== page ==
Friday, August 16, 2019 - 14:08 • Sharon Kelly

Christopher Leonard’s new book, Kochland: The Secret History of Koch Industries and Corporate Power in America, begins, appropriately enough, with an FBI agent, who is investigating criminal activity by the company, standing in a field with a pair of binoculars, trying to catch a glimpse of the daily operations of a company that prizes secrecy.

Koch Industries was under investigation for theft of oil from the Osage and other Indigenous nations. Walking into the company's office building involved passing through security checkpoints, Leonard explains, so numerous that one investigator later told Leonard that it “reminded him of traveling to CIA headquarters in Langley, Virginia.”

Through exhaustive reporting and extraordinary interviews with past and current company executives, including some turned whistleblower, Kochland offers readers a view far larger than can be seen through binocular lenses, walking readers past those layers of security checkpoints and into the inner workings of an institution that has for decades tirelessly built itself into practically all American lives, while largely evading accountability or transparency.

Tuesday, July 9, 2019 - 08:21 • Richard Collett...
Read time: 2 mins

Veteran broadcaster David Attenborough has expressed his disappointment at the rise of climate science denial in the US and Australia and called on voters to respond.

Referencing the rise of climate science denial in some countries while giving evidence to a committee of MPs in the UK, Attenborough said he was “sorry that there are people in power and internationally, notably the United States, but also in Australia” where “those voices are clearly heard”. He said he hoped the “electorate will actually respond” to public figures that promote climate science denial.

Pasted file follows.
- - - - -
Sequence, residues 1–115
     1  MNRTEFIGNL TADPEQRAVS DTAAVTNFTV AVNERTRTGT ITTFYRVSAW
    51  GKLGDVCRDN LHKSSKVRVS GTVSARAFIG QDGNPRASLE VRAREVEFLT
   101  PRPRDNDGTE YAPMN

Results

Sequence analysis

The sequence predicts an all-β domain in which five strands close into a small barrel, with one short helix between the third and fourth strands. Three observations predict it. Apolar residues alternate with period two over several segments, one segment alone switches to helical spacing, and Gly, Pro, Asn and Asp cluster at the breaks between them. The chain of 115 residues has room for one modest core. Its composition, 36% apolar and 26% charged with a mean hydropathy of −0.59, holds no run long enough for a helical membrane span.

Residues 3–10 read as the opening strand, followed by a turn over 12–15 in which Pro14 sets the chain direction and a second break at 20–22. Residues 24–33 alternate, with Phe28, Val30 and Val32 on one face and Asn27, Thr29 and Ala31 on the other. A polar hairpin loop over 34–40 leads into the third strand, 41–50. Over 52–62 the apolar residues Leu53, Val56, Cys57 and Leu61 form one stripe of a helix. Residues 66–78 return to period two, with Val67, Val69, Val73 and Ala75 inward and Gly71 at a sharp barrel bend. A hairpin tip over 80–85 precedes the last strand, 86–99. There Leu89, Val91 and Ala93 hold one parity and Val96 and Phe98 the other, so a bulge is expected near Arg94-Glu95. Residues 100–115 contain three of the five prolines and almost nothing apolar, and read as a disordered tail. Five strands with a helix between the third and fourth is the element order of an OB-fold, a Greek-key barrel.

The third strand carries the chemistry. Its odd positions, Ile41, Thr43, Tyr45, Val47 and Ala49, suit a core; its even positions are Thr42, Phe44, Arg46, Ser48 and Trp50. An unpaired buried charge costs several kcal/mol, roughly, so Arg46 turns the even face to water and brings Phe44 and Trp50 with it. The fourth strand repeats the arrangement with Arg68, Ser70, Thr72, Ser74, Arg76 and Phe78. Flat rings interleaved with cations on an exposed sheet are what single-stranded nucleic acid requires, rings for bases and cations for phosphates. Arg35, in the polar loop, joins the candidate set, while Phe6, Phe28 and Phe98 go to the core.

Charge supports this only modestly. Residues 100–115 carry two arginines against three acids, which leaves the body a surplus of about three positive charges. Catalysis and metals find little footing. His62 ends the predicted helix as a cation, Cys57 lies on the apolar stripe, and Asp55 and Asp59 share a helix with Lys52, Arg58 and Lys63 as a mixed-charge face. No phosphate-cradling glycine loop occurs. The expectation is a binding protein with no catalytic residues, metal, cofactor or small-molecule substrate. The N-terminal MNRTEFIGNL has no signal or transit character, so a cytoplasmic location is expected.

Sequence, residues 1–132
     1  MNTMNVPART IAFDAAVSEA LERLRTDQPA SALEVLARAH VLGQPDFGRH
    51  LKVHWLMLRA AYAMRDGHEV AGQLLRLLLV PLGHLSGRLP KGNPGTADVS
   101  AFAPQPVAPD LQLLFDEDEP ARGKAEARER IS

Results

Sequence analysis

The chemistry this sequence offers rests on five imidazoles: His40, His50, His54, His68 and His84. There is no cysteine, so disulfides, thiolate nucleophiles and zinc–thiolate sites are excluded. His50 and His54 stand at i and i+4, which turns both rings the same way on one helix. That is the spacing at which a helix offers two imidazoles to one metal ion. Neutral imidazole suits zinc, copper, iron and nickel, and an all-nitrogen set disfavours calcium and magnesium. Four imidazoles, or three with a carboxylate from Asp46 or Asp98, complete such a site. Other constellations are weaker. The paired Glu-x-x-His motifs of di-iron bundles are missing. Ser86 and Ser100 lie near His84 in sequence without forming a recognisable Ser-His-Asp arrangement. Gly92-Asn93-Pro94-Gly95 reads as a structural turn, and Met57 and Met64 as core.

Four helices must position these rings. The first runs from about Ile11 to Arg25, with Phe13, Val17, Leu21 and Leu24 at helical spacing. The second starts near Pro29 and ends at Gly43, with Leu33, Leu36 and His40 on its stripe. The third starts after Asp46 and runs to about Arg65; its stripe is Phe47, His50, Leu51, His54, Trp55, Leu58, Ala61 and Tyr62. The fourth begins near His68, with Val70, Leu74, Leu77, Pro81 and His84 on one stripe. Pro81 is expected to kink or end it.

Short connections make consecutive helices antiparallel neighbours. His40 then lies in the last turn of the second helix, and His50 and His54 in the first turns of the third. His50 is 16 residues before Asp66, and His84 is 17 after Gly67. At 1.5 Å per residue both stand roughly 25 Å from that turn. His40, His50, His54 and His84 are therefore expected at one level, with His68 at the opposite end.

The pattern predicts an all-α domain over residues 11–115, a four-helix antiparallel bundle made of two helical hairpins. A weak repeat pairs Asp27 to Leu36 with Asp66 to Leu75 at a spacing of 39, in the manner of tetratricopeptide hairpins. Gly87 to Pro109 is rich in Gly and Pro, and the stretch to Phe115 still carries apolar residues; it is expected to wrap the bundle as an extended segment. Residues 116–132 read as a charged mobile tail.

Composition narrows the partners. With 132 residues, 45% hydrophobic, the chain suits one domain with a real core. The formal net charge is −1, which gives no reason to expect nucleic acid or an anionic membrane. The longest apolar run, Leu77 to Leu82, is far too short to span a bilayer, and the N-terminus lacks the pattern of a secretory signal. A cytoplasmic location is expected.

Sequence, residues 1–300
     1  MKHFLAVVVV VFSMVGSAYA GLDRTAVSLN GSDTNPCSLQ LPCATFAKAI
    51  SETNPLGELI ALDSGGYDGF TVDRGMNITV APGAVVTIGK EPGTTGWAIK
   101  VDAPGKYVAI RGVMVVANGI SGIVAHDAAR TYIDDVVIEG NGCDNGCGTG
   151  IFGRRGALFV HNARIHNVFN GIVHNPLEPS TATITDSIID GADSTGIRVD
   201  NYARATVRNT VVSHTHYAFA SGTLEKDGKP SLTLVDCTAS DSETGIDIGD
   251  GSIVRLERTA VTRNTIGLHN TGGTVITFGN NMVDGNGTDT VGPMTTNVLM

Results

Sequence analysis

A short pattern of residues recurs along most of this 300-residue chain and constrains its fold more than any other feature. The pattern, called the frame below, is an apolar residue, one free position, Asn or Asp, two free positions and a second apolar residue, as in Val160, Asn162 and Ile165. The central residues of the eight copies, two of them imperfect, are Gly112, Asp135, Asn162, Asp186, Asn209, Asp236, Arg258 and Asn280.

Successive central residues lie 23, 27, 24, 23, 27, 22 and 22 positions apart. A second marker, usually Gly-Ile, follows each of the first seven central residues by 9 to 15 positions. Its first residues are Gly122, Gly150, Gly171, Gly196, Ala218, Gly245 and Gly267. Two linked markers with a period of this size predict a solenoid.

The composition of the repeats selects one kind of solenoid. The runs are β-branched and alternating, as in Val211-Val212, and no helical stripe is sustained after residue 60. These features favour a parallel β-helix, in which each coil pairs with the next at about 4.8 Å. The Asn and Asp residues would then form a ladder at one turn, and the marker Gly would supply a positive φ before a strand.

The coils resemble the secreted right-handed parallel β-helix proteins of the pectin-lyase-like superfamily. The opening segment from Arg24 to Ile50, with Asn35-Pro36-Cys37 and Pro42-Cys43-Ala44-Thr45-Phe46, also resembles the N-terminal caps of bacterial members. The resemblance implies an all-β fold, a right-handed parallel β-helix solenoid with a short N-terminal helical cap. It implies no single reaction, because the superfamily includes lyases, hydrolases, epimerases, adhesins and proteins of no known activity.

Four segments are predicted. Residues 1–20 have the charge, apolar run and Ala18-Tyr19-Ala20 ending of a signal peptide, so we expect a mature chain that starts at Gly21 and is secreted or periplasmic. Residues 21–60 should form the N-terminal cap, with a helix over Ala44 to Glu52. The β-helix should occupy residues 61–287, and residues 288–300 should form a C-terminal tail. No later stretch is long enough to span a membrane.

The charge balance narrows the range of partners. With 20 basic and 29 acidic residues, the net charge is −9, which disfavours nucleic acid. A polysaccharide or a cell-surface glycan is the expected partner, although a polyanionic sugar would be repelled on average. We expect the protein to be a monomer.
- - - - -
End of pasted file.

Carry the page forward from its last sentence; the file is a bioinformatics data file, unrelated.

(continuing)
Monday, July 8, 2019 - 18:17 • Julie Dermansky
Read time: 9 mins

Last month, four residents from Louisiana neighborhoods impacted by air pollution traveled far from their Mississippi River parishes to Washington, D.C., and Tokyo, Japan, seeking help in their struggle for clean air.

St. James Parish’s Sharon Lavigne and Barbara Washington, both fighting to prevent additional petrochemical plant construction near their homes, attended the Congressional Convening on Environmental Justice in Washington, D.C., on June 26.* 

Monday, July 8, 2019 - 12:43 • Sharon Kelly
Read time: 8 mins

President Donald Trump spoke to “America’s environmental leadership” in an address today, where he lived up to predictions and described the country’s air and water as clean (“crystal clean” even).

The speech started late, and with a reference to the heavy rains that have flooded Washington, D.C., which today's Washington Post noted were unusual and consistent with the changes predicted by climate scientists.

The rest of the world may be forgiven some skepticism about America’s environmental leadership — particularly under Trump. Within six months of taking office, Donald Trump had announced that he planned to pull the U.S. out of the Paris Agreement, the world’s framework for coordinating the international response to climate change, which scientists and world leaders have described as the most consequential environmental issue of our time.

Saturday, July 6, 2019 - 11:02 • Kendra Chamberlain
Read time: 7 mins

A recently published report has called into question the efficacy of land-based solutions being pushed by NGOs and major oil companies alike to mitigate climate change.

Natural climate solutions (NCS) — including programs referred to as reducing emissions from deforestation and forest degradation (REDD+) — represent a body of land-based approaches for capturing carbon from the atmosphere and reducing greenhouse gas emissions. NCS proposals range from enhanced forest management to conservation agriculture and ecosystem restoration.

Friday, July 5, 2019 - 09:25 • Justin Mikulka
Read time: 7 mins